2. […] had a wonderful response to last week’s Sourdough from Scratch post, but received few questions. That means either everyone’s starter is bubbling away and […]

  3. […] 2 cups sourdough starter (any kind will work but I made this a rye starter by adding 2 cups of rye flour on day 7. See starter directions here.) […]

  4. […] course, you can always throw out your dead starter and start all over again. A mature starter though has much more complex flavor than a new starter, so I do recommend […]

  5. […] Yeast Blog. And if you are looking to start your own sourdough from scratch see our posts on how to get your starter going, how to keep it going, and how to revive a dead starter too! Share […]

  6. […] 1 1/2 cups sourdough starter (learn how to make your own here) […]

  7. […] 2 cups sourdough starter (see how to get your starter going here) […]

  8. […] 2 cups sourdough starter (find out how to start yours here) […]

  9. […] 1 1/2 cups sourdough starter (learn how to make your own here) […]

  10. […] 2 cups sourdough starter (see how to get your starter going here) […]

  11. […] 2 cups sourdough starter (learn how to make your own starter here) […]

  12. […] 2 cups sourdough starter (learn how to make your own here) […]

  13. […] 2 cups sourdough starter (find out how to start yours here) […]

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  16. […] 2 cups starter (find out how to make your own starter here) […]

  17. […] (just add Kamut® instead of all-purpose flour on day 7 of the feeding schedule you can find here) and used more Kamut® in the […]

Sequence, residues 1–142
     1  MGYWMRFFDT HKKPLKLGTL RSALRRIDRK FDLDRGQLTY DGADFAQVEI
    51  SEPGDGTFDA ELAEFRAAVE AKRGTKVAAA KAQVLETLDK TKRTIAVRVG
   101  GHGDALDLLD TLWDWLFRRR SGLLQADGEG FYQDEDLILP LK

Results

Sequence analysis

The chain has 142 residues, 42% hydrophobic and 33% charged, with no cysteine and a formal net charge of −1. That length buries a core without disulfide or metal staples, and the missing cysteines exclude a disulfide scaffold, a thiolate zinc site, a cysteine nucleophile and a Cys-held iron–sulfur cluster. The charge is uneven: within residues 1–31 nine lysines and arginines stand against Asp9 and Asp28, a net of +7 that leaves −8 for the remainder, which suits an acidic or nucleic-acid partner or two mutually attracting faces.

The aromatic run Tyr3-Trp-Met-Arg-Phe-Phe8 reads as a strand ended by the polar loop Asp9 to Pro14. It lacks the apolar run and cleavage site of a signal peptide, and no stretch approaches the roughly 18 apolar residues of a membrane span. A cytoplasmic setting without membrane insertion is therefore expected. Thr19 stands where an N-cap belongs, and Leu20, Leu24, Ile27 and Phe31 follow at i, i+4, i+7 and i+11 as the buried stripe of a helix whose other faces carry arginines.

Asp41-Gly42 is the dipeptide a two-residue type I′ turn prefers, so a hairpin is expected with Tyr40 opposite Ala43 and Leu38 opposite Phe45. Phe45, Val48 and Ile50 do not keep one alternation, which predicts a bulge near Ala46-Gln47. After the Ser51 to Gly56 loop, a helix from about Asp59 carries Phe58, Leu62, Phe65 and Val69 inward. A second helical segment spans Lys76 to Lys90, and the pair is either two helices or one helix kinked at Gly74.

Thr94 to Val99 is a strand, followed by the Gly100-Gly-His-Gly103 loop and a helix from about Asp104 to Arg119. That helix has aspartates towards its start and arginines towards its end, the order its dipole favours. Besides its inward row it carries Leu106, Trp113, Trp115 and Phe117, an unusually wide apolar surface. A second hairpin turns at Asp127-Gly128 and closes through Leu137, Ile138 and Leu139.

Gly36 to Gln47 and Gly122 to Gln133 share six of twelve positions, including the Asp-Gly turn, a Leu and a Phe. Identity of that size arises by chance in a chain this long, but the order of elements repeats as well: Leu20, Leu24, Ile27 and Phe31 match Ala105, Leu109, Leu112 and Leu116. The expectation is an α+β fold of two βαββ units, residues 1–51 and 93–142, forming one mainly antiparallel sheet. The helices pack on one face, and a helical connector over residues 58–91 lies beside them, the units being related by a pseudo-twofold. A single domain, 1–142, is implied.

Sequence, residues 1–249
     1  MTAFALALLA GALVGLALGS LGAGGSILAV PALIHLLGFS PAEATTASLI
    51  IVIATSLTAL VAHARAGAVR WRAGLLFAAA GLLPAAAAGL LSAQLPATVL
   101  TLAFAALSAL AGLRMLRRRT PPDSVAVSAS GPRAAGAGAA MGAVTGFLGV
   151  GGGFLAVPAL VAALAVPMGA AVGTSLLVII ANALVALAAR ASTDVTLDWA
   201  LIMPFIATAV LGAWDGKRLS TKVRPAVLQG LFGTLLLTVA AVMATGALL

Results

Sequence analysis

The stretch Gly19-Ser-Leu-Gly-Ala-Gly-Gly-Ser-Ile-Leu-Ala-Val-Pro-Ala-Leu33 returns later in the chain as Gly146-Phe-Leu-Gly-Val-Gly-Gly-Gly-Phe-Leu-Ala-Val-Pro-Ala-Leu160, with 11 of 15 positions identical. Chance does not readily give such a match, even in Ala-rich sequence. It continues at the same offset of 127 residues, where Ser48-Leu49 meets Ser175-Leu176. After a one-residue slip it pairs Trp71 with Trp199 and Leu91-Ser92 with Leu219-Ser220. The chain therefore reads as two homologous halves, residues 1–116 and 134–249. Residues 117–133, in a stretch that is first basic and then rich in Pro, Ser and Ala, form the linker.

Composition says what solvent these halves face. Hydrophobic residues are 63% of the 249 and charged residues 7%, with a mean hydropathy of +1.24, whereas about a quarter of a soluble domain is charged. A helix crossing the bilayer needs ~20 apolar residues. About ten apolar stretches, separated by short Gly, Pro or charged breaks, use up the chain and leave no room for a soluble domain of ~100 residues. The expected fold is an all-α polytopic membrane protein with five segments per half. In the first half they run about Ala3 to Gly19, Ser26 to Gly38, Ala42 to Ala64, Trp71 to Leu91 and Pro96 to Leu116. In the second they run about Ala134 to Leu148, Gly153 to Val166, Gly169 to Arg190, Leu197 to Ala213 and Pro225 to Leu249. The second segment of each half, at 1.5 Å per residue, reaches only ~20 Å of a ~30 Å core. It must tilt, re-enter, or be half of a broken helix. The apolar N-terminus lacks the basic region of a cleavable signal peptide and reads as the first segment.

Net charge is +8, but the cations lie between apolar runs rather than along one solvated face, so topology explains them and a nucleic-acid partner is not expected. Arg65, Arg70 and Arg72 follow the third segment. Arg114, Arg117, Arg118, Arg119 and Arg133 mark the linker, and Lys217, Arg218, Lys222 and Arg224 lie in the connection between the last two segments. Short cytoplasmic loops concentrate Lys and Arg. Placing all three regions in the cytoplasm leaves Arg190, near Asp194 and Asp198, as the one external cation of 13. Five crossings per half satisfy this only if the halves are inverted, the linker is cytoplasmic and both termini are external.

18. […] 2 cups sourdough starter (find out how to make your own starter here) […]

  19. […] 2 Tbsp ripe sourdough starter (find out how to make your own starter here) […]

  20. […] 2 cups sourdough starter (find out how to make your own starter here) […]

  21. […] 1 1/2 cups sourdough starter (find out how to make your own starter here) […]

  22. […] 1/2 cup sourdough starter (find out how to make your own sourdough starter here) […]

  23. […] 1 1/2 cups rye sourdough starter (find out how to make your own starter here) […]

  24. […] 2 cups sourdough starter (find out how to make your own starter here) […]

  25. […] 1 cup sourdough starter (find out how to make your own starter here) […]

  26. […] 1 cup sourdough starter (find out how to make your own starter here) […]

  27. […] 2 cups sourdough starter (find out how to make your own starter here) […]

  28. […] 2 cups sourdough starter (find out how to make your own starter here) […]

  29. […] 1 cup sourdough starter (find out how to make your own starter here) […]

  30. […] 1 cup sourdough starter (find out how to make your own starter here) […]

  31. […] 2 cups sourdough starter (find out how to make your own starter here) […]

  32. […] 1/2 cup sourdough starter (find out how to make your own starter here) […]

  33. […] 2 cups sourdough starter (find out how to make your own starter here) […]

  34. […] 1 cup sourdough starter (find out how to start yours here) […]

  35. […] If you are new to sourdough you can find out all about it here, here and here. Also,  I will be adding more sourdough information in this Urban Homesteading […]